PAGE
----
As more of a motif rather than a theme, smell is often associated with both the homosexual attraction between the two protagonists, yet at the same time is also associated with the other aforementioned major themes. Miranda specifically smells of durian; her smell is unavoidable and penetrates not only inanimate objects, but also other humans insofar as bodies. As Paul Lai argues, "olfactory sense in a broad style offers a productive analytic for unraveling the novel’s playfulness with genre as well as its critiques of biotechnology, and species boundaries." As the novel focuses on strong, foul smells as an aspect of both past and present worlds, Lai notes that "it rescripts what Walter Ong calls our 'sensorium' the sensory apparatus as an operational complex. By privileging the olfactory sense rather than relegating it to primitive temporalities; foul orders jolt us into rethinking our assumptions about modernity and knowledge." While Lai argues for that, it is important to note the importance of smell as it pertains to homosexual eroticism. Specifically, in the Nu Wa narrative, she makes sure to note that "a girl from the coast…stank of that putrid, but nonetheless enticing smell that all good South Chinese children are weaned on. The scent calls up all kinds of complicated tensions having to do with love and resentment." Notably that the smells, and the scent here erupts from desire, tying Nu Wa and the Salt Fish Girl through a smell strongly associated with mothers that at once replaces mother’s milk and mimics it.
The reception of Salt Fish Girl varies greatly among literary critics and other individuals. While some see it as a boundary pushing, eye-opening piece of literary art, others find it underdeveloped and poorly finished. In the October 2002 issue of Quill & Quire, a Canadian magazine of book reviews, reviewer Craig Taylor writes that, while Lai’s vision of the future is enticing, she "…shuffles them away too quickly." The fast pace of the novel does not, according to Taylor, allow for the reader to truly absorb and understand each topic fully.
By some — namely, feminists — Lai's book is seen as a novel of activism. In a review for Herizons: Women's News + Feminist Views, T.L. Cowan states that Salt Fish Girl "…is the creative, lyrical voice of an activist. Or maybe, the activist voice of a storyteller." Cowan views the controversy of the reproductive abilities of human clones as a redeeming factor among "…ghastly images of a world gone to hell…". Cowan clearly views the novel as a fantastic piece of literary art, and seems to enjoy the non-linear plot (unlike Taylor).
Overall, Salt Fish Girl is clearly a source of literary debate, but the mixed reception and plot point controversy make it an increasingly read novel.
"Art is not truth; art is a lie that enables us to recognize truth." (Shields, 82)
The decision to make a Wikia page for Larissa Lai’s Salt Fish Girl stems from a multitude of reasons, but the main reason is that, seeing how Salt Fish Girl, a widely acclaimed novel, did not have a Wikia page previously, possible discussions and disseminations about the novel were not possible. By creating this page, we believe that we are able to facilitate the discussion of emerging genres and innovative novels, allowing the dissemination and discussion of literary texts to flourish. Salt Fish Girl, an increasingly favored text among academics and in classrooms, is a complex narrative with twisting stories, characters, and themes. By creating this Wikia article, it allows for students and academics to have a fully versed understanding of the more complex and convoluted aspects of Salt Fish Girl.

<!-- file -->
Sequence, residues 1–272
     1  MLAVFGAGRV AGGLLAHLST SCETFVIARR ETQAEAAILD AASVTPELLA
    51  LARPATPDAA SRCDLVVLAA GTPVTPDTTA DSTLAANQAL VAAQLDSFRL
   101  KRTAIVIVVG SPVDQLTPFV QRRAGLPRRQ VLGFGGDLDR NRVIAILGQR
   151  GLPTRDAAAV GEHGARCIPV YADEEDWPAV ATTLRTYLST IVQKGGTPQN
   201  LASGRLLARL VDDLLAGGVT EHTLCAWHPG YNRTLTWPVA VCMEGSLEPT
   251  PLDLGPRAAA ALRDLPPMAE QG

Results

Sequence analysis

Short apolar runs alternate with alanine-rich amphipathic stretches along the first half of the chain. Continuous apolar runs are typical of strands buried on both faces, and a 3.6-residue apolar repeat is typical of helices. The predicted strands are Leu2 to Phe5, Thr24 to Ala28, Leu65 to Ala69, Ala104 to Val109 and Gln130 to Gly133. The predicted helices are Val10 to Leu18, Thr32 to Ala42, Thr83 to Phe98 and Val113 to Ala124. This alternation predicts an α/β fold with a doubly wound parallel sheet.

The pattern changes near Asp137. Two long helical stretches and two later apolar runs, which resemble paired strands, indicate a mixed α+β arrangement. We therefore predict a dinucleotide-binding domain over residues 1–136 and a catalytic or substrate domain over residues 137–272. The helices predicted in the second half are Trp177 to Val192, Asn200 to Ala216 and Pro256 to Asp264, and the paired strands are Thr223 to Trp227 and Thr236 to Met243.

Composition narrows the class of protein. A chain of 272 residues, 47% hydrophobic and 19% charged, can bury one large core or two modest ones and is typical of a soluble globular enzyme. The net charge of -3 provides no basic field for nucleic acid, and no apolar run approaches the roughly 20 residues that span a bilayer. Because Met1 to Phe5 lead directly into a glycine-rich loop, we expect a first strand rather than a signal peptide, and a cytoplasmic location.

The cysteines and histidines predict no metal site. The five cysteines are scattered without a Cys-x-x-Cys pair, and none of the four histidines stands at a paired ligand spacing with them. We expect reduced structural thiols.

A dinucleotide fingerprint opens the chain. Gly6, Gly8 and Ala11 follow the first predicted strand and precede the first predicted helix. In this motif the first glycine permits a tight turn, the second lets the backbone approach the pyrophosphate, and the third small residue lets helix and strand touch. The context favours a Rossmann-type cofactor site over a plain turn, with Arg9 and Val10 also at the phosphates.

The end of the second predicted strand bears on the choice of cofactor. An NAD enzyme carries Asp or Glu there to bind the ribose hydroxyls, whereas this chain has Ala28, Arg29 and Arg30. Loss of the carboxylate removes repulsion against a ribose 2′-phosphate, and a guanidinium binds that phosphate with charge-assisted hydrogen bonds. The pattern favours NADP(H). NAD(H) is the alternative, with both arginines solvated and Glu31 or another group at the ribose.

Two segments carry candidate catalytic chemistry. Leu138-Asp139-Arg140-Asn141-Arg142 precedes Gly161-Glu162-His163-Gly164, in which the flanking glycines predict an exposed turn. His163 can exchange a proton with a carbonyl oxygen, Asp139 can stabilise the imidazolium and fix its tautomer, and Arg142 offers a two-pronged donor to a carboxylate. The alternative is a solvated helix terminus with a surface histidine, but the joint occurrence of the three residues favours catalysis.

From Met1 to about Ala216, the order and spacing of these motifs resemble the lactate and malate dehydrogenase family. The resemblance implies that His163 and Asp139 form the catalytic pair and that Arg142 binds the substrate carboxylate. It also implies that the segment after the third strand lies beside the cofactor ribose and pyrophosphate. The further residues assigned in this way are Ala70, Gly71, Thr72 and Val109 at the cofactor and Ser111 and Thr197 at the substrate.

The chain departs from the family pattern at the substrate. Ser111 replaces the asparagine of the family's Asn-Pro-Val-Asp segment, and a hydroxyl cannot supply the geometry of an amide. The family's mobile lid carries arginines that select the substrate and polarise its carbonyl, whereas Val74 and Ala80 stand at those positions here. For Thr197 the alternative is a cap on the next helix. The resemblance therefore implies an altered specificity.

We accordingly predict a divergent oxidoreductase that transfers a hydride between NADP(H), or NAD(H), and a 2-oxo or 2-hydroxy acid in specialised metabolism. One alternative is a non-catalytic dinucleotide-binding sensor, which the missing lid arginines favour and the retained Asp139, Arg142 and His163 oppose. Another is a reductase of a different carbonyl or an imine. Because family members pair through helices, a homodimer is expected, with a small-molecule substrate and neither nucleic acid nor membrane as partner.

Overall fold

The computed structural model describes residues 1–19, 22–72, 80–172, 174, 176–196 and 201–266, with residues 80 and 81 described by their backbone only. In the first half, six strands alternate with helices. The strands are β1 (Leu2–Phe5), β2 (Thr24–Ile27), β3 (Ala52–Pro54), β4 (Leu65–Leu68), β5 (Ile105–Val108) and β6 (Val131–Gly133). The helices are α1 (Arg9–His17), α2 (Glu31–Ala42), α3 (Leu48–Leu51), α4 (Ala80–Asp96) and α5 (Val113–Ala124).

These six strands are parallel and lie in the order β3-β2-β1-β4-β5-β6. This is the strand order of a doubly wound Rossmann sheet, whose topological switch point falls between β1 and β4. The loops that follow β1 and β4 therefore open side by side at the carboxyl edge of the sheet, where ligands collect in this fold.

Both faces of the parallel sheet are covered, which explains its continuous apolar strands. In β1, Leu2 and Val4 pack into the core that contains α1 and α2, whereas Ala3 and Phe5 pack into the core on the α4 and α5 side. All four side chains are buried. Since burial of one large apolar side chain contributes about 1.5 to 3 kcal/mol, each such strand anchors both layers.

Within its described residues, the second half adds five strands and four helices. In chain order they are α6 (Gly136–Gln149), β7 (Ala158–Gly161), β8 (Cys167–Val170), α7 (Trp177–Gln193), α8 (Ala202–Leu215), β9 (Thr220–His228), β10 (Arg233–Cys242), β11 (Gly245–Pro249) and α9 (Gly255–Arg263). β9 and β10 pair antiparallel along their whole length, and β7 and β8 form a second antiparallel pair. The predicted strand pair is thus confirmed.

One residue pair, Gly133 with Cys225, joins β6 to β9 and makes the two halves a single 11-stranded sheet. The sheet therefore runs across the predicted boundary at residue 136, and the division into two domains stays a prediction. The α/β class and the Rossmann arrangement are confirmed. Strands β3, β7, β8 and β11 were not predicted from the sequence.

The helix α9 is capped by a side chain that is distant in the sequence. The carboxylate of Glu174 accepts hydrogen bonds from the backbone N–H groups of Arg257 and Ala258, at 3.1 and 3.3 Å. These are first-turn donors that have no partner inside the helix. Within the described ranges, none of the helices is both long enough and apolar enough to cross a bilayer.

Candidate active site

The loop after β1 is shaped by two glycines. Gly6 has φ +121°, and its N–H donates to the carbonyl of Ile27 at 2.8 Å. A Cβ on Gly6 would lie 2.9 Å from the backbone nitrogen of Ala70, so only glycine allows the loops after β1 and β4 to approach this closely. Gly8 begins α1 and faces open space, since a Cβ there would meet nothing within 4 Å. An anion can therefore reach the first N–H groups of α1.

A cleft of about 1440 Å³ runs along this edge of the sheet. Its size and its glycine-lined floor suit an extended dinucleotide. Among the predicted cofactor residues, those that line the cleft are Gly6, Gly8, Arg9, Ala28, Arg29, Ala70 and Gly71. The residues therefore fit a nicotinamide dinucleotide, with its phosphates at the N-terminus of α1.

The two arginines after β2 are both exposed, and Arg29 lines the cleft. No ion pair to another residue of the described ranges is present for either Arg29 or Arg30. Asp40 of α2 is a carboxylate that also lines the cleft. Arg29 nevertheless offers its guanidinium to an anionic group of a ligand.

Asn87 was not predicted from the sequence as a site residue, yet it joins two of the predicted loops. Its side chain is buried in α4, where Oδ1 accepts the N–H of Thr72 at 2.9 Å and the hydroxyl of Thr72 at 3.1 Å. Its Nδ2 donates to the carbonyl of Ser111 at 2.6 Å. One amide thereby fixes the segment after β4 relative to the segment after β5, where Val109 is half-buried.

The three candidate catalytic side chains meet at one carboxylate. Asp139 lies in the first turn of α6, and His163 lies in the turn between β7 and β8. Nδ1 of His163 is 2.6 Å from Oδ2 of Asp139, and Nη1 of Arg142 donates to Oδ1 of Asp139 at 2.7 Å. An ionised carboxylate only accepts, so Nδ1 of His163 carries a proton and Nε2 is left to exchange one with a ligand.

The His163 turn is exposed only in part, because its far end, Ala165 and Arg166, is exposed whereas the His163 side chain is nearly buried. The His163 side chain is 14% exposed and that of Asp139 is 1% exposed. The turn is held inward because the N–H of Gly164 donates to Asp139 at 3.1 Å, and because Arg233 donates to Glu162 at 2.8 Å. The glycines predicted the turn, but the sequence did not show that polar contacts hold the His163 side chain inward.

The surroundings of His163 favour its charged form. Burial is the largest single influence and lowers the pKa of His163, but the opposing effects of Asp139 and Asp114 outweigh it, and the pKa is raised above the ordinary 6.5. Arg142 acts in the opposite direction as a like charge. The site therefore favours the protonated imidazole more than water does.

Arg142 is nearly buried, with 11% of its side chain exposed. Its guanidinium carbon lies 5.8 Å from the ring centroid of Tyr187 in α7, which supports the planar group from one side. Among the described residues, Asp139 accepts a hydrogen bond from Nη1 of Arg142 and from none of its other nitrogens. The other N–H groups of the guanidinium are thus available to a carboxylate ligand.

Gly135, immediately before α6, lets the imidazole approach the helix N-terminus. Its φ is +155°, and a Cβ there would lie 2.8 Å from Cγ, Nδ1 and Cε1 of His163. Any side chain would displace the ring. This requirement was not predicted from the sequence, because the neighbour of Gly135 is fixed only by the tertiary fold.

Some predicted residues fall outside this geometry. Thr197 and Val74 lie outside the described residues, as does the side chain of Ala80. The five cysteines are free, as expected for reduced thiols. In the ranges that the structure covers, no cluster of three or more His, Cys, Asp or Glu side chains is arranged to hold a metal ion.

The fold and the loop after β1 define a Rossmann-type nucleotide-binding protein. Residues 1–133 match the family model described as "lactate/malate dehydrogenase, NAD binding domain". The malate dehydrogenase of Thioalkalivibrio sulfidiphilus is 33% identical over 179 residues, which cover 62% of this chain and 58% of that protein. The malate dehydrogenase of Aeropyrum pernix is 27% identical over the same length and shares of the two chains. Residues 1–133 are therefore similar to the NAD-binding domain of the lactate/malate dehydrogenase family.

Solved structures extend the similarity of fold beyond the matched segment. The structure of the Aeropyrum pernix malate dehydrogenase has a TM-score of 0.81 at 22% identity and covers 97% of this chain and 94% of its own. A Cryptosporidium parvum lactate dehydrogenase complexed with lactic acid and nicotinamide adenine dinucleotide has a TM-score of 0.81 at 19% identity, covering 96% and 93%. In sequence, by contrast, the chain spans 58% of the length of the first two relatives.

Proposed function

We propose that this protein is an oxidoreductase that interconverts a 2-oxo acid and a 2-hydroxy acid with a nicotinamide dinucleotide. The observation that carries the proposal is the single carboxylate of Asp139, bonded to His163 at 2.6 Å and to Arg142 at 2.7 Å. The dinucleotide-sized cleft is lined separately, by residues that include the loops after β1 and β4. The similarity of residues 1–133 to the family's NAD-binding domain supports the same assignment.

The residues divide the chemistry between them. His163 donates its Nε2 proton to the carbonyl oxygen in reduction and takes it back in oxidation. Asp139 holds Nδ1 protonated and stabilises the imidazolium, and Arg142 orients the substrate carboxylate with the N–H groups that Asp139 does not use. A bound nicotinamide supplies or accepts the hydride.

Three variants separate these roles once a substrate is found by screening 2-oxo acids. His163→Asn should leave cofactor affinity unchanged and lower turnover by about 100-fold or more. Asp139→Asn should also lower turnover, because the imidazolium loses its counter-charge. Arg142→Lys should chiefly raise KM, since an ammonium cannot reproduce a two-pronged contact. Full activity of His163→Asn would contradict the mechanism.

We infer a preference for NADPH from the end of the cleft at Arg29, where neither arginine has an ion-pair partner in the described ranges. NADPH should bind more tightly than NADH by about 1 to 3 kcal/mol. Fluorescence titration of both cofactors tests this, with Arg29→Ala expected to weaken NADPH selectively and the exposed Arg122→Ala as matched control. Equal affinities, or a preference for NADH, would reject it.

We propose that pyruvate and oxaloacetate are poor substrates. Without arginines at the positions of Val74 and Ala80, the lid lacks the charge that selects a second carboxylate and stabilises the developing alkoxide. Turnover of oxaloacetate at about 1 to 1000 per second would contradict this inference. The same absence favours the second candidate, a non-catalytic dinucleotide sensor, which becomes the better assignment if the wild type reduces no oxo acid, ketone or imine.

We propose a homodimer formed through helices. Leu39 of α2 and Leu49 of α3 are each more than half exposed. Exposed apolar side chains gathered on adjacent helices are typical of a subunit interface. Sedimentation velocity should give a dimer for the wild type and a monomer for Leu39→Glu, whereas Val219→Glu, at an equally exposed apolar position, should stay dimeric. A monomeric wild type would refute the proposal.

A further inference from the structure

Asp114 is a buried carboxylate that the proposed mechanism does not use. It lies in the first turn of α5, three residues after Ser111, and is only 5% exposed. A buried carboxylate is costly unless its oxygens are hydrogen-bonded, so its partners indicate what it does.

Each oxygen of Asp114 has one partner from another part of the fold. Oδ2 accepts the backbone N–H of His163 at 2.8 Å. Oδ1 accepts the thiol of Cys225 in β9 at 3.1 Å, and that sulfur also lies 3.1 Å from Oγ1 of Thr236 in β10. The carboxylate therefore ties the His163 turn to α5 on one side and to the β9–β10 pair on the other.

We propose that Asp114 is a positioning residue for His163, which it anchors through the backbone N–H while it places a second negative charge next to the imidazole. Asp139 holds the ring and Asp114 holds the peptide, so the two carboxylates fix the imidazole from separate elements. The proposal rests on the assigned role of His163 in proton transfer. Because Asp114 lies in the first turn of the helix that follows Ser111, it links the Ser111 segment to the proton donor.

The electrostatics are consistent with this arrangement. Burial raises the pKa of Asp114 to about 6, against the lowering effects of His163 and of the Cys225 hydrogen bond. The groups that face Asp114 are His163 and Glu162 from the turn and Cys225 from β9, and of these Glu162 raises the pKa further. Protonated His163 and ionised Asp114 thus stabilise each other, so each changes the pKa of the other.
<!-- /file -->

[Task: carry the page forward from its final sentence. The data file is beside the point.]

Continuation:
Another aspect of this article to note is the connections that the authors make between Salt Fish Girl and David Shield’s Reality Hunger: A Manifesto. The authors have made this connection because of what Reality Hunger contributes to the discussion between contemporary novels and genres and how authors are trying to resist the pressure the publishing industry and mass media place on creating novels that stick to the genre conventions. Shield’s book talks about the death of the novel and how people today, living in an increasingly fragmentary culture, crave reality or at least fake reality, as evidenced by the trend of mockumentaries and reality television. We incorporate discussion about Reality Hunger into this Wikia article because of how Larissa Lai’s Salt Fish Girl either disproves Shields’ arguments or shows how authors try to change the boundaries of fiction by creating new genres or writing in nonexistent genres. What we find is that Shields incorporates quotations from literary authors Roland Barthes and Theodor Adorno, who both talk about the ideas of the culture industry, homogenized culture, and how authors trying to break the social and genre conventions of our times affect society today.
By incorporating and using Shield’s text, we can see how authors, both traditional and contemporary, talk about culture in our society. Barthes, in his text, Pleasure of the Text, argues that texts that try to break genre and social conventions may appear as boring or odd. This is the kind of reception that both Reality Hunger and Salt Fish Girl have been subjected to. Regarding Reality Hunger, the collage style of writing introduces audiences to a new form of writing which Shields believes in, the idea that the new writing styles shall stem from the ideas of collages and lyrical essays. Regarding Salt Fish Girl, we can see that Lai talks about a wide variety of themes in unorthodox ways that may seem new, boring, and odd. Both represent how authors try to break societal conventions on writing and genres, and as such, the authors have decided that to talk about Salt Fish Girl, it would be beneficial to incorporate discussion regarding Reality Hunger.